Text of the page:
Thinking like a media company

I’m still working on that update of The Positioning Manual for Technical Firms. It’s a big project! Too many words, and I’m going to have to cut at some point. The word count graph is headed up and to the right and points to around 80 thousand words which is at least 20 thousand too many.There’s a section in the book where I talk about accelerating your progress from point a to point b.Point a is: you’ve made the decision about how to specialize.Point b is: you’ve cultivated a reputation in the market as a result of that decision you made back at point a.Here’s one of the 9 accelerants I identify:

Thinking like a media company

The final accelerant might be thought of as a grouping of several previously mentioned accelerants. I refer to it as “Thinking like a media company”.Media companies use content to attract an audience and monetize that audience through subscriptions, ad revenue, or creepy shit like gathering and selling personally identifying data, etc. If you think about your company using content to attract an audience and monetize that audience by offering your services to them, then you’re pretty close to what I mean by thinking like a media company.If you ignore the revenue model, what makes HBO different from prime time broadcast TV?There could be multiple answers to that question, but the main one is: different content! HBO has invested in different content—and made much deeper investments in some of that content—than broadcast TV. Not just different shows, but a whole different category of shows.To be clear, you don’t have to act like a media company. There are plenty of great professional services businesses that sustain themselves just fine with referrals and a smattering of other bizdev activities that don’t involve producing a lot of content. But… if you adopt the mindset of a media company, you will:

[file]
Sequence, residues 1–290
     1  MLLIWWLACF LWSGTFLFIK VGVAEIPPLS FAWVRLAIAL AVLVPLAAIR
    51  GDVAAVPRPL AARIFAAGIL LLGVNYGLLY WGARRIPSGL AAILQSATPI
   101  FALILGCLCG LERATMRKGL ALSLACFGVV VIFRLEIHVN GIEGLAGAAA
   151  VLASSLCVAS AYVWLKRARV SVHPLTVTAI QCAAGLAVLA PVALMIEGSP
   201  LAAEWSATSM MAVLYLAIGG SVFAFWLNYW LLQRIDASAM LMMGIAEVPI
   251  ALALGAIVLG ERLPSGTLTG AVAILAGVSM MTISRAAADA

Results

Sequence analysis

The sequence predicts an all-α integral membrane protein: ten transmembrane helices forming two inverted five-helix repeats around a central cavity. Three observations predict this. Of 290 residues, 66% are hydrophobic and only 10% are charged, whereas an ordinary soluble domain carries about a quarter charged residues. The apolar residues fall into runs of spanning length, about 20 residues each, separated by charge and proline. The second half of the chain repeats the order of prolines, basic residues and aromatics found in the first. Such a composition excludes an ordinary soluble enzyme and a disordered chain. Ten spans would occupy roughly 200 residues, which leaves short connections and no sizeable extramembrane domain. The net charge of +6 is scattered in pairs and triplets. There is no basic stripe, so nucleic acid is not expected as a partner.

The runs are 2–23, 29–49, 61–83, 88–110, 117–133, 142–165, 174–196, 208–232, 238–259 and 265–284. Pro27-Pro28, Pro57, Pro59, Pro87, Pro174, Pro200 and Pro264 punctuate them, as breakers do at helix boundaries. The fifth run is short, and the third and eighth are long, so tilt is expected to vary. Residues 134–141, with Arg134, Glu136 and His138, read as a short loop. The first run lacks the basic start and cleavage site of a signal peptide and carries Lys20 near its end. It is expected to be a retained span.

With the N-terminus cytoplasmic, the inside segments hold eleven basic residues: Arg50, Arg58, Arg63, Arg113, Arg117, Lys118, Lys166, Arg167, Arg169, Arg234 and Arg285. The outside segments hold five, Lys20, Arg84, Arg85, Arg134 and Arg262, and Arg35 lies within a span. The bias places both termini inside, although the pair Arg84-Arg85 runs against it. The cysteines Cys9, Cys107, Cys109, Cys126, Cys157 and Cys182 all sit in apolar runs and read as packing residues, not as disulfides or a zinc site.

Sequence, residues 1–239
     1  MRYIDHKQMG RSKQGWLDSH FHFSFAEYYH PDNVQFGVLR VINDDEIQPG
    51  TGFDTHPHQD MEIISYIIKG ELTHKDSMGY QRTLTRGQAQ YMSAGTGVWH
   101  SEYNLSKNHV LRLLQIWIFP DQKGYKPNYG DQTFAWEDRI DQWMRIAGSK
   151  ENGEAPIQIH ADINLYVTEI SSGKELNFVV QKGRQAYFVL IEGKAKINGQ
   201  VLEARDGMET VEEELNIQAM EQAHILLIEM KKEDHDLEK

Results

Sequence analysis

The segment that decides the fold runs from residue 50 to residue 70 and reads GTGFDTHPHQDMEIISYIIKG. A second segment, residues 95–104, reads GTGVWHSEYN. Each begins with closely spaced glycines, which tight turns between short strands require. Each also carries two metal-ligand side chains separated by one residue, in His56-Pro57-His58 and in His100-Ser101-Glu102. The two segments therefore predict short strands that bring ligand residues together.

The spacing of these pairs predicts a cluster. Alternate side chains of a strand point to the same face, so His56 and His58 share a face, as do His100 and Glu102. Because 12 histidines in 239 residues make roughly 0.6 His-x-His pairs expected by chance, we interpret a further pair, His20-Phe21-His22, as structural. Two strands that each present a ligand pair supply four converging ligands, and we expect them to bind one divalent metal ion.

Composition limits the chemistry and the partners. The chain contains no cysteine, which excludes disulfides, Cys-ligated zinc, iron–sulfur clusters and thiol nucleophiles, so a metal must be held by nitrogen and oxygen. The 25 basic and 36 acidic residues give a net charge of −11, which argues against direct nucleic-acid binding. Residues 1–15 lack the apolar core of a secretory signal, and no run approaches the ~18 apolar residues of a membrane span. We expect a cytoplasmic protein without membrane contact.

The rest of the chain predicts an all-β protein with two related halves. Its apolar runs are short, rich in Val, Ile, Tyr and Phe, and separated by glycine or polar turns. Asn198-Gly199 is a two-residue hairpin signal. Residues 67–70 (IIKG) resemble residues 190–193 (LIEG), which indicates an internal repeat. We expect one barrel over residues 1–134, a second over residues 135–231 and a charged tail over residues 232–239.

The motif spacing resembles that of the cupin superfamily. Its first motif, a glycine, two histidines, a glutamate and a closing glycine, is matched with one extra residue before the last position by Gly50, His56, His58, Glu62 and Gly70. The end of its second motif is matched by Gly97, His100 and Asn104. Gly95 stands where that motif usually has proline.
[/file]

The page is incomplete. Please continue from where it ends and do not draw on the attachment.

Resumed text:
• Work hard to make sure any content you produce attracts a monetizable audience. You won’t blog (or podcast or whatever) casually or sloppily; you’ll produce interesting media that’s interesting and compelling to the right kind of people. People who are worried about risk, serious about change, eager to turn technology into business results, etc.
  • Think about the content you produce as a product. It will be free, but you’ll want it to be good enough that you could sell ads against it, or people would be willing to pay a subscription to access it even though you’re offering it for free.
  • Learn more about your audience. The quickest path to irrelevance for a media company is to lose touch with their audience. People who care deeply about music don’t care about MTV for this reason. People who love U2 mostly listen to their older albums for this reason. Incidentally, learning more about your audience has numerous other benefits, not just content-production benefits.
  • Commit to marketing in a deeper way. You’ll stop treating the act of connecting and building trust with prospects as an afterthought or a reactionary but unpleasant necessity and start treating it as vital to your business.

This media company mindset will accomplish two important things:

  1. Almost guarantee that you avoid producing shitty content marketing
  2. Accelerate the speed with which you cultivate a reputation in the market

In a way, this “thinking like a media” company thing happens in The Expertise Incubator.Check it out.-P